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My turn | The first results could determine the scale of the red wave | Guest comment

Everyone expects the GOP to win this cycle, but will the red tide be a tsunami?

Even late at night, it can be unclear who won in many marquee contests, with slow vote counts, late mail-in ballot deadlines and necessary runoffs if no one gets 50 percent in some states, including Georgia.

For the impatient couple, early litmus tests of just how deep and wide the red wave is might include the following.

1. there is Alan Fung the first Republican to win a seat in the Rhode Island House of Representatives since 1992?

2. Retired general Don Bolduc is one of many Republican candidates who won the primary in part because Democrats spent money to promote him, believing he would be easier to defeat in the general election. Will he, nevertheless, be able to unseat the incumbent president from the Democratic Party Maggie Hassan in New Hampshire?

3. At the local level, it will be a very big surprise if the government. JB Pritzker cannot be re-elected. And intimacy counts in horseshoes, grenades, and dancing, but not in elections, where almost winning is also called losing. The Illinois tension will revolve around several results.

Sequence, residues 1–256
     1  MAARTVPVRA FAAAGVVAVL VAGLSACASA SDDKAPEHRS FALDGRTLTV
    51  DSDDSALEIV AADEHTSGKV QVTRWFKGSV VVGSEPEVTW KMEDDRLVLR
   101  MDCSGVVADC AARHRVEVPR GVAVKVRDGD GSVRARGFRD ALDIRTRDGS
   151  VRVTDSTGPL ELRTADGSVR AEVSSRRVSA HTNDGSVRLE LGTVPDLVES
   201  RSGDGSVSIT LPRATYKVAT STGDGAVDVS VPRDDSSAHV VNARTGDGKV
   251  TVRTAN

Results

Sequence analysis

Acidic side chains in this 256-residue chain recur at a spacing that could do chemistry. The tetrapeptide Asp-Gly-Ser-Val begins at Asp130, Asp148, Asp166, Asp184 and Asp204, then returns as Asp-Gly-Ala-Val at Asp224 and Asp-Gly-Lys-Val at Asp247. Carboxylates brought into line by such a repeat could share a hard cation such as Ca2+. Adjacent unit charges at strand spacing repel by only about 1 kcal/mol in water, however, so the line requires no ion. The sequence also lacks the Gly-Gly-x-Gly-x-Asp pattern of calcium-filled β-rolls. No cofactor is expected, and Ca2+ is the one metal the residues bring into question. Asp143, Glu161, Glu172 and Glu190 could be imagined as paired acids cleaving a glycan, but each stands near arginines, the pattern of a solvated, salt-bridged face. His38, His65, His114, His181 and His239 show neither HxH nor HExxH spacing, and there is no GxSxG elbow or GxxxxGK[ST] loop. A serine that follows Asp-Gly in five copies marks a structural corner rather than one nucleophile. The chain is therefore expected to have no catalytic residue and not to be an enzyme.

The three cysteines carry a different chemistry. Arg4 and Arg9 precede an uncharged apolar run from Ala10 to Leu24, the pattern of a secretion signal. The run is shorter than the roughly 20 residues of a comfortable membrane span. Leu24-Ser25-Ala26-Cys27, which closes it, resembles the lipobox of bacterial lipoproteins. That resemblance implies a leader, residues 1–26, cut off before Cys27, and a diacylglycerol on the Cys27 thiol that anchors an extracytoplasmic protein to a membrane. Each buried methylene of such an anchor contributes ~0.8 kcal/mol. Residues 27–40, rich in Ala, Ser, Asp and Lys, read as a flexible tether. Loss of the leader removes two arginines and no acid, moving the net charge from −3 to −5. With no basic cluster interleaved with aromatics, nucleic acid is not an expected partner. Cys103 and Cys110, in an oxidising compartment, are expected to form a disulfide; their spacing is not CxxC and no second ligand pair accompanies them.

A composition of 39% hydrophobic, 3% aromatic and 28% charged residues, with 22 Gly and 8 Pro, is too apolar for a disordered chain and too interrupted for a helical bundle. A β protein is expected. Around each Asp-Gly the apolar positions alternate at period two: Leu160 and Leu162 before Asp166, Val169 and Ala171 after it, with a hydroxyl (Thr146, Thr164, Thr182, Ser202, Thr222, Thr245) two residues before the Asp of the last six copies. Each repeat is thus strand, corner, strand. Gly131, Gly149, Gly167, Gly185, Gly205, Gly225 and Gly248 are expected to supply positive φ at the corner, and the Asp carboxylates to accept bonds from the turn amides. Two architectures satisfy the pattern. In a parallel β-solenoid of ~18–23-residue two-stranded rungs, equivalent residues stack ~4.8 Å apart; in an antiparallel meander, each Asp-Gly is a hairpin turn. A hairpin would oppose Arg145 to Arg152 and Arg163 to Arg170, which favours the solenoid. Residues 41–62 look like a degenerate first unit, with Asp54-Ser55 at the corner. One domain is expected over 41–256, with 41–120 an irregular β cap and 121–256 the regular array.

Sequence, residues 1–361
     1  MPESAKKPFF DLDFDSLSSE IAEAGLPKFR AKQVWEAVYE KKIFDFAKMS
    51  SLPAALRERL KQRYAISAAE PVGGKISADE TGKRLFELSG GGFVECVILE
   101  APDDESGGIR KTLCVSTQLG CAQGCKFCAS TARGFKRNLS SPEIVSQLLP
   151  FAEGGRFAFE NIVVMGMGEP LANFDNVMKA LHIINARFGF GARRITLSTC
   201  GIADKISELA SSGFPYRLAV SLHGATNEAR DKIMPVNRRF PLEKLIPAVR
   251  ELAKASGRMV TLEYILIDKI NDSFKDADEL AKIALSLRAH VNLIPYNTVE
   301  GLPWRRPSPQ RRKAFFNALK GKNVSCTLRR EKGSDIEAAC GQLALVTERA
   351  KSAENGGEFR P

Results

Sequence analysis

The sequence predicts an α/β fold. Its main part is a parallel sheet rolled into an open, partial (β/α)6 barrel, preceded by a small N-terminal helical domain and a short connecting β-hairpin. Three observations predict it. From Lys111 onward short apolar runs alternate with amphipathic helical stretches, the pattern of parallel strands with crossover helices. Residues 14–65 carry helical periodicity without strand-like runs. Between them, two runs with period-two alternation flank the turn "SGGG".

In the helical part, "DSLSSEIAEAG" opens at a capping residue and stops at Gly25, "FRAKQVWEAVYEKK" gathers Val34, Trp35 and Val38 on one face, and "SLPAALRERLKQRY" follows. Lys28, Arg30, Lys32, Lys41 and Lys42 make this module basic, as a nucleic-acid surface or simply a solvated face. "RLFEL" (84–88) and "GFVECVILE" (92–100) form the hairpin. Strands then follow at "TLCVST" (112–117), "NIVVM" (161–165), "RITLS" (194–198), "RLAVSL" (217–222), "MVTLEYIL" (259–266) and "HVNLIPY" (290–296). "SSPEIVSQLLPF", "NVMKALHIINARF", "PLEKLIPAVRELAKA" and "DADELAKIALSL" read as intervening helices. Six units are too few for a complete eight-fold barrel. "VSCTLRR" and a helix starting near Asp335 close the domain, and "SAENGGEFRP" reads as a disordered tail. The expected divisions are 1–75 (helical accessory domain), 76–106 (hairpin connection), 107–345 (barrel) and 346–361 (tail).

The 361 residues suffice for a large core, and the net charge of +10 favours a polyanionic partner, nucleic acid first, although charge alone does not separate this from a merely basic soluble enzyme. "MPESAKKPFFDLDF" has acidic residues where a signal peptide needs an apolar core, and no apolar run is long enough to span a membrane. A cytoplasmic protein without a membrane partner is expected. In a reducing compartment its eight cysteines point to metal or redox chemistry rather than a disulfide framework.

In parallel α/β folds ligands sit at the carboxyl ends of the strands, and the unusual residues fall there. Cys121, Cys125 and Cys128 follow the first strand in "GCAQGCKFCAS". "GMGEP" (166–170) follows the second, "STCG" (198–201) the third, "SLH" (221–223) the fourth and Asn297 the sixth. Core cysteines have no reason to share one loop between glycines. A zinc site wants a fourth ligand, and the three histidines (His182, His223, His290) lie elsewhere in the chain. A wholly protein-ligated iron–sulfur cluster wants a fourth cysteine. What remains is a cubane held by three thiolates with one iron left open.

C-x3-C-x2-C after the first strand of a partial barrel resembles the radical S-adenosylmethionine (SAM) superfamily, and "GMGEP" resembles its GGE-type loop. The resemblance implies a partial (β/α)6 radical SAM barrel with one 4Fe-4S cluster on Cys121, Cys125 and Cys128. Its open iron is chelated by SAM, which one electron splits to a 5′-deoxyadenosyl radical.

4. Not much money was spent on opposing a constitutional amendment to prevent any right-to-work legislation. The hard-nosed Illinois Policy Institute has argued that it will raise taxes, while supporters have issued vague announcements claiming it will provide jobs.

5. Democrats redistricted the state Supreme Court for the first time in decades. Can they lose two races and control the venue at the same time?

6. The Illinois U.S. House map was an even more obvious fraud, designed to return 14 Democrats and only three Republicans. The risk for Democrats with such a seat-maximizing map is that some of the blue seats are pretty light blue.

The will of democratic incumbent presidents Sean Kasten (6th), Bill Foster (11th) or Lauren Underwood (14th) end up surprised by the size of the wave? Esther King, a repeat candidate, is likely the GOP’s best choice for the open 17th seat. It looks like Republicans will control the U.S. House in 2023, even if none of those races go against the map. But Illinois Republicans would appreciate an extra seat or two.

Brian Gaines is a professor of political science at the University of Illinois.


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